Here’s the unique thing about Jennifer’s: While Halligan and Thiede departed with their husbands for the Keys, Bonita Springs resident Jessica Must, 36, is up at the register making a purchase. The clothes at Jennifer’s appeal to multiple age groups. In fact, Williams has one longtime customer in her 90s who continues to shop there, her daughter and granddaughter in tow.

     "I think I like the fact that it’s on trend but not overly trendy,” Must says.

     To be sure, some of the pieces are eye-catching and distinct, but many are classic looks that will outlast the trend du jour.

     Of course there are lots of other places now where shoppers can find high-quality clothing. The nearby Bell Tower Shops tout places like Saks Fifth Avenue; Coconut Point hosts higher-end retailers; Miromar and Tanger Outlet Malls offer specialty products at discounted prices.

     But there’s still something about a hometown girl—Williams moved to Fort Myers when she was in middle school and graduated from Fort Myers High—running an independent business that appeals to people.

     “As someone who grew up in Fort Myers and went to high school with Jennifer, I was always intrigued by her sense of style. She had a way of putting clothing together that just looked great, and I wanted to emulate that,” one former classmate wrote on Williams’ website.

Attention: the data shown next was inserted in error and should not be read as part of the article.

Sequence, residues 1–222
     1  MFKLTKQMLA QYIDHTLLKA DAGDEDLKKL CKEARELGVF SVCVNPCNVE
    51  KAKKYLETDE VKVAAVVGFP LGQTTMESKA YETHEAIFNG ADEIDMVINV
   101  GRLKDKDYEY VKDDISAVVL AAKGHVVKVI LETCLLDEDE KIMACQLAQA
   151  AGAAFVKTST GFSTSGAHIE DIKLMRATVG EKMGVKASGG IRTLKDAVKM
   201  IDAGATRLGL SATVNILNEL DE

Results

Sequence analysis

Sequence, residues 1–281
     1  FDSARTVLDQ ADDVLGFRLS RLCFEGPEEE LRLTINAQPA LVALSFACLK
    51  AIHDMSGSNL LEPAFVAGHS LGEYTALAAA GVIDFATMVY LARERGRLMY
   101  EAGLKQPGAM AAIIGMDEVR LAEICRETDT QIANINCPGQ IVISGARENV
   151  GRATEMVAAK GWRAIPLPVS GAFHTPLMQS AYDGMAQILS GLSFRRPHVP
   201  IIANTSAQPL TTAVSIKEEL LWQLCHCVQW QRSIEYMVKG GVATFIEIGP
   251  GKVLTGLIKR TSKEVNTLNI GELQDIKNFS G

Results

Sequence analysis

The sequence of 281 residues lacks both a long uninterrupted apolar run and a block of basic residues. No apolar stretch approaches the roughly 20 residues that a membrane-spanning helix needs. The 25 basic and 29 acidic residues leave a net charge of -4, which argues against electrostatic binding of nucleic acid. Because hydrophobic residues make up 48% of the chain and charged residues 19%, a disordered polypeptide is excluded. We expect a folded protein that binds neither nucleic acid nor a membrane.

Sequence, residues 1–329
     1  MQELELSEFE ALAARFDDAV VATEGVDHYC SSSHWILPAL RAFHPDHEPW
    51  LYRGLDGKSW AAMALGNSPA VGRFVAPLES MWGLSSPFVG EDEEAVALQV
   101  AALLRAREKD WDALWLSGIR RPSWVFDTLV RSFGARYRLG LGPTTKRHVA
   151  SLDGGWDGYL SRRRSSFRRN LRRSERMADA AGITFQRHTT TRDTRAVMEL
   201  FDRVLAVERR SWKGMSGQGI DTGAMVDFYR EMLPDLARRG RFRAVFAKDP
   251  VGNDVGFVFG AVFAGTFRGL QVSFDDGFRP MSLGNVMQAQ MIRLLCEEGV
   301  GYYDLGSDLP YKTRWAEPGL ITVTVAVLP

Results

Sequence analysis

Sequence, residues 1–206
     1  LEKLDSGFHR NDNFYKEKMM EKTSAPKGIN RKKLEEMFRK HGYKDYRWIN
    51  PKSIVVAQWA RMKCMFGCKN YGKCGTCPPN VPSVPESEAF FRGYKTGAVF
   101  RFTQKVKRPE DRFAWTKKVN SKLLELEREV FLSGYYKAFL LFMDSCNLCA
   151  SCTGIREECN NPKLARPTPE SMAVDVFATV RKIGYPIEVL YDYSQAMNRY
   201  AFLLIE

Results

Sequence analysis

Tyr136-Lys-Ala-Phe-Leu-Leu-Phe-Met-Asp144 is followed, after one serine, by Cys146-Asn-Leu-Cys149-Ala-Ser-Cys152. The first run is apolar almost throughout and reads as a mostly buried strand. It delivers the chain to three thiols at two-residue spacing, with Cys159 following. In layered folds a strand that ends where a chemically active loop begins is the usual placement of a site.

Williams believes in giving back to the place she’s called home for most of her life. Long before things like “corporate social responsibility” and “community engagement” became business buzzwords, Williams was finding ways to help out civic groups.

     Today, she donates part of her sales on the first Friday of every month to a nonprofit group.

     “I feel like the community has been good to me, and I feel I’ve been blessed in so many ways in my life,” she says. “I feel it’s my moral obligation to give back.”

     Occasionally she wonders about her long-term future—if young women will be hooked on the chain retailers who dominate the major roadways and the major shopping plazas.

     “I do wonder if we’ll just age out,” she says of her clients, of herself.

     But that time isn’t now. In fact, Jennifer’s is going through a major renovation. A wall separating the two sides of the shop has come down. The carpet is coming up. And the drop ceiling is going away for a new, open look.

     She promised, though, it would still be “homey.”

     The remodeling reflects Williams’ still-burgeoning enthusiasm for her business. She recalls a recent conversation with her 21-year-old son, who was questioning his career choice. Williams told him: “Love what you do.”

     Because she does. And perhaps more than any other factor, that is what has sustained her for three decades.

     “I love the customers. I love the merchandise. I love the clothing. I love putting people in clothing they never would have picked for themselves.”